What is it about BrainPhys™ that makes it a suitable medium to study neuronal injury?
I think that one of the greatest strengths of the scientific process is a commitment to periodically re-evaluate what is “optimal” (in all circumstances). Brainphys™ certainly needs additional study. It is quite evident that it is altering fundamental properties of CNS cells in an enormous way. The full implications of these findings in the context of a neuronal injury are not yet clear. It is a different medium vs. other classic growth supports commonly used to study neurotoxicity and neuroprotection. Different is good. Different is one of the fundamental ingredients in the recipe of advancement. In my opinion, BrainPhys™ is an exciting and interesting new tool to explore. However, it is up to the scientific community to unleash their creativity upon this new resource and see where it leads. A more direct answer to your question is that the enhanced electrophysiological parameters really standout.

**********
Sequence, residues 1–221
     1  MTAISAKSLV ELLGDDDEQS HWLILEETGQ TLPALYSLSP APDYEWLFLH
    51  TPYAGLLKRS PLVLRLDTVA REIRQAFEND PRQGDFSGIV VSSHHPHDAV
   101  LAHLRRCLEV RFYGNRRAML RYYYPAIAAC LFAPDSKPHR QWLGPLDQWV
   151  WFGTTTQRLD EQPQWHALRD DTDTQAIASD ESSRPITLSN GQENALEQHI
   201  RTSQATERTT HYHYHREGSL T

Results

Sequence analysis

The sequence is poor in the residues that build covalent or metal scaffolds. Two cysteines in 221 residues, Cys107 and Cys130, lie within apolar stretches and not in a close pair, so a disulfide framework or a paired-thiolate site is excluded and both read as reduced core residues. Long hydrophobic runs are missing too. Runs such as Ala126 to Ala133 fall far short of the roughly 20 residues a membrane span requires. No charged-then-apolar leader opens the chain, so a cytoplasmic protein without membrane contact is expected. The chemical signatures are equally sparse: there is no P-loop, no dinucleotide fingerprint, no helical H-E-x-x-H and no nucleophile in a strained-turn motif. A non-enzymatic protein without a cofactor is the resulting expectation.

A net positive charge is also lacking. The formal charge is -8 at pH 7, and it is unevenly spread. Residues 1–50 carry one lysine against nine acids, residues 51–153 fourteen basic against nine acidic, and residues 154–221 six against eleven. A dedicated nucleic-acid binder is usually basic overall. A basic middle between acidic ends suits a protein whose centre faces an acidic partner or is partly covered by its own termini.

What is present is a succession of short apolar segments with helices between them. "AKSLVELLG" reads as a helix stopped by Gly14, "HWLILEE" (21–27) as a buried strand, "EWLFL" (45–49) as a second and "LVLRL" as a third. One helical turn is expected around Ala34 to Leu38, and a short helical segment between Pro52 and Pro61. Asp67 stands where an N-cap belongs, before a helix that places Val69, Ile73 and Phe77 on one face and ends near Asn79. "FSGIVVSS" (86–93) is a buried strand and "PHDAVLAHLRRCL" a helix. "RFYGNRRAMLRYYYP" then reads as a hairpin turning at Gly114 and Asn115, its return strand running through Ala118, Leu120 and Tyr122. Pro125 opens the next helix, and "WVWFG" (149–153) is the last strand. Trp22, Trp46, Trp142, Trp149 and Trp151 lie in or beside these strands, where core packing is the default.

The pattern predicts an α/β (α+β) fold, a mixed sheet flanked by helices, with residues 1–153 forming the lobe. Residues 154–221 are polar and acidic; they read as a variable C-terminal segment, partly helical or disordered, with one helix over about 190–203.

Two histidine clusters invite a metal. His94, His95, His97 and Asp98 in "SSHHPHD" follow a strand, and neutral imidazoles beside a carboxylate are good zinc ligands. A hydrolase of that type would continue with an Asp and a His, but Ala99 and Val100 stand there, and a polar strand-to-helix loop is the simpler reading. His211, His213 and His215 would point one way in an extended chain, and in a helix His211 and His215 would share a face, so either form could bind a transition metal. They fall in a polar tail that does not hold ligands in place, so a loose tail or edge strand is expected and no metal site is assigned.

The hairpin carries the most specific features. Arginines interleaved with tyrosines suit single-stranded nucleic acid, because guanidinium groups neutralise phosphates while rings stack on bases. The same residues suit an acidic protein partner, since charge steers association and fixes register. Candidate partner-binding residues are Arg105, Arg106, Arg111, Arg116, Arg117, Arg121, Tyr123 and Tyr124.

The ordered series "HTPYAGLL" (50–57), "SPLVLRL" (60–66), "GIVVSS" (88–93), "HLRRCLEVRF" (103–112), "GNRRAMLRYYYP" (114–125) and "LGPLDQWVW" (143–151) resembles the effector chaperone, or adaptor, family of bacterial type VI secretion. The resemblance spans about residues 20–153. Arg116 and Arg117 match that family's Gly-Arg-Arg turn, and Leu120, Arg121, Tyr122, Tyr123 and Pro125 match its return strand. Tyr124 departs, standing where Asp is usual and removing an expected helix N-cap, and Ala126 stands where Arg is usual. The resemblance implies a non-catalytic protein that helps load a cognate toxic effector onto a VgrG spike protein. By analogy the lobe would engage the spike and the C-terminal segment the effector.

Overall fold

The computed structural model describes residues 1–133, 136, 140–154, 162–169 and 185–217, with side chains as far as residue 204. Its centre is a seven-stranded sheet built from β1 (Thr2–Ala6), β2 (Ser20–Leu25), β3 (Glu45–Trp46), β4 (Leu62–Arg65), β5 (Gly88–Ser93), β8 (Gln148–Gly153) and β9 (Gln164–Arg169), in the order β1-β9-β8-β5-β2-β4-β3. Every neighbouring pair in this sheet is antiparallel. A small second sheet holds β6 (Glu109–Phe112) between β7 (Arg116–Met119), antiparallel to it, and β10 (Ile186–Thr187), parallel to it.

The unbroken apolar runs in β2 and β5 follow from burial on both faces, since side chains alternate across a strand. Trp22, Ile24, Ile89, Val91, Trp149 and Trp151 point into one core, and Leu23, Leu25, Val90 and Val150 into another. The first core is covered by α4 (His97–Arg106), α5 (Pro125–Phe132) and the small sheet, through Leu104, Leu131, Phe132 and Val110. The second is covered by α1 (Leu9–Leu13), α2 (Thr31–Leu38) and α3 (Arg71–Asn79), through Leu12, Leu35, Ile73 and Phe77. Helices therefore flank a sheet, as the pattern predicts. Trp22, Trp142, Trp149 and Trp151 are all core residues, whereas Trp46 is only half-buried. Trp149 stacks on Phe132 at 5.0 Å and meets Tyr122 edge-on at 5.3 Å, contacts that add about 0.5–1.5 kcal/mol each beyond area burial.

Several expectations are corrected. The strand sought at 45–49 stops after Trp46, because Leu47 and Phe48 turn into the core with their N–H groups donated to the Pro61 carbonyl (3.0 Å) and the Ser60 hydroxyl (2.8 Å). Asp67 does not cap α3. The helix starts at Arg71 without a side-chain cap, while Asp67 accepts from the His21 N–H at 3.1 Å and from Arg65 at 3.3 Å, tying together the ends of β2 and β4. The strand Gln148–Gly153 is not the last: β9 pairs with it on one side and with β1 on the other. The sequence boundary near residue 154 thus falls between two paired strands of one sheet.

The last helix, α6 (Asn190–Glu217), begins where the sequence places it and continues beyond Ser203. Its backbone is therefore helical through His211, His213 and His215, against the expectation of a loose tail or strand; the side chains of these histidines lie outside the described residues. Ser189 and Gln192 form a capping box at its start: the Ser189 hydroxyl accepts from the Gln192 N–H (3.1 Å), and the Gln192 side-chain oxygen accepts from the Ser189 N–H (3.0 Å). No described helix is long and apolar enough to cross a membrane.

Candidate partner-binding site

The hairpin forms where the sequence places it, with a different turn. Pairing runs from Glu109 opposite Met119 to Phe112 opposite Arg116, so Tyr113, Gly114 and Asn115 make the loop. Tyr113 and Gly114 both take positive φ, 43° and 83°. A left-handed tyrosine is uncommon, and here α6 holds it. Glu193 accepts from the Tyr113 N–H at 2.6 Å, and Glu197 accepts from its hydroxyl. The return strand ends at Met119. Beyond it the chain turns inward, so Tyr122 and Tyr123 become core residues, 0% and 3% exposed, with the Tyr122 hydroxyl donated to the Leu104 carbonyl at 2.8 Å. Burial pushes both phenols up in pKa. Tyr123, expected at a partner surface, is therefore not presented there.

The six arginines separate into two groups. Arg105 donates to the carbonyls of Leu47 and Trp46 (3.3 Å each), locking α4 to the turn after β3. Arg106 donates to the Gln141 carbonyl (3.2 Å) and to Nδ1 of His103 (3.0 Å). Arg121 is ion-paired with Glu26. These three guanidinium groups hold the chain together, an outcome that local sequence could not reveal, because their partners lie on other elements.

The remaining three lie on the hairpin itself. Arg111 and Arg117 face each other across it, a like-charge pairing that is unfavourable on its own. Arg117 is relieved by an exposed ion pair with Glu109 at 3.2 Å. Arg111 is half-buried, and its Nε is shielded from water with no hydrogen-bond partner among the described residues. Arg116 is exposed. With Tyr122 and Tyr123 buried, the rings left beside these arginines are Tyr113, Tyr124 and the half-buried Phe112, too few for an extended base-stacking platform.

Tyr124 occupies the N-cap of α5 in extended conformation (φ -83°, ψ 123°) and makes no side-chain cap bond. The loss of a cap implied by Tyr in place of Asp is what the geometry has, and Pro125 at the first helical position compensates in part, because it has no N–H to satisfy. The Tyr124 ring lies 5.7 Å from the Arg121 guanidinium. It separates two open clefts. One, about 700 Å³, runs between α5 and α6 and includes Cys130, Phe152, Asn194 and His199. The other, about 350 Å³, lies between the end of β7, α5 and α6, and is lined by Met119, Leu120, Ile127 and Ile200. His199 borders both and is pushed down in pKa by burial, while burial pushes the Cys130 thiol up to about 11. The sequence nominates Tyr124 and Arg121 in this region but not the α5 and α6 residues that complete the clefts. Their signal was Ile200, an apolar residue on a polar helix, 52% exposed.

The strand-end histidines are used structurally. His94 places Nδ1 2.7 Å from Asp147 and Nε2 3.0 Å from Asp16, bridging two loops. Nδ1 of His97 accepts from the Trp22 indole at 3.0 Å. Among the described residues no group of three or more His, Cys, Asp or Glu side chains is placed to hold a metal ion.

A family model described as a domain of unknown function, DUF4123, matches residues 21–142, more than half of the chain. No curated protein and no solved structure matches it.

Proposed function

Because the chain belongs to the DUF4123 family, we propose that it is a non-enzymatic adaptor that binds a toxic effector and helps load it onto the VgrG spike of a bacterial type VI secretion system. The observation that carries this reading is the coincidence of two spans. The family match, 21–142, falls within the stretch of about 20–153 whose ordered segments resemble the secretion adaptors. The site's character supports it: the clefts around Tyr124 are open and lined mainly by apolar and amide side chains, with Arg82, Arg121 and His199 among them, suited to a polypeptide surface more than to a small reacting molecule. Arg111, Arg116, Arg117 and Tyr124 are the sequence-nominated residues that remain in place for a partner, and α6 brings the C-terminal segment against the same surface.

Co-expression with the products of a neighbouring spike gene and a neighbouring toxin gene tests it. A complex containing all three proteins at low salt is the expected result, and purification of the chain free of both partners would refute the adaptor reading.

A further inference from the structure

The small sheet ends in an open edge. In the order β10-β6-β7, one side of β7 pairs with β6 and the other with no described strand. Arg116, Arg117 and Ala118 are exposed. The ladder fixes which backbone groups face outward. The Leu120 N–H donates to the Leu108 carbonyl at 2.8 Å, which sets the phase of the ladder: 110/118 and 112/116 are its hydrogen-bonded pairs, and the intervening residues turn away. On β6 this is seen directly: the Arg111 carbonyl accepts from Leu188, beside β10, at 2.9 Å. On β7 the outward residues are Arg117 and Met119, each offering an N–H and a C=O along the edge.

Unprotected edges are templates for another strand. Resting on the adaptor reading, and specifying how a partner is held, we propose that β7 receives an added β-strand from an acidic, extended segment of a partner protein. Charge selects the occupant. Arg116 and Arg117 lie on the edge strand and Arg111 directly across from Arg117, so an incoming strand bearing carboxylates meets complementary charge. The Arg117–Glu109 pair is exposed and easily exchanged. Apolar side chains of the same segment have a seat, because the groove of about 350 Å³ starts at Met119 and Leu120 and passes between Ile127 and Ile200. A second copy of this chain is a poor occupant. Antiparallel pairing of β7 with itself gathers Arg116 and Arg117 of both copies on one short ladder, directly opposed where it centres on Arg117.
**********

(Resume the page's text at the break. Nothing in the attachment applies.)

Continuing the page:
References

  1. Jackson TC et al. (2018) BrainPhys® increases neurofilament levels in CNS cultures, and facilitates investigation of axonal damage after a mechanical stretch-injury in vitro. Exp Neurol. 300:232-46.
  2. Faul M et al. (2010) Traumatic Brain Injury in the United States: Emergency Department Visits, Hospitalizations and Deaths 2002 – 2006. Atlanta (GA): Centers for Disease Control and Prevention, National Center for Injury Prevention and Control.
  3. Bardy C et al. (2015) Neuronal medium that supports basic synaptic functions and activity of human neurons in vitro. Proc Natl Acad Sci. 112 (20) E2725-4.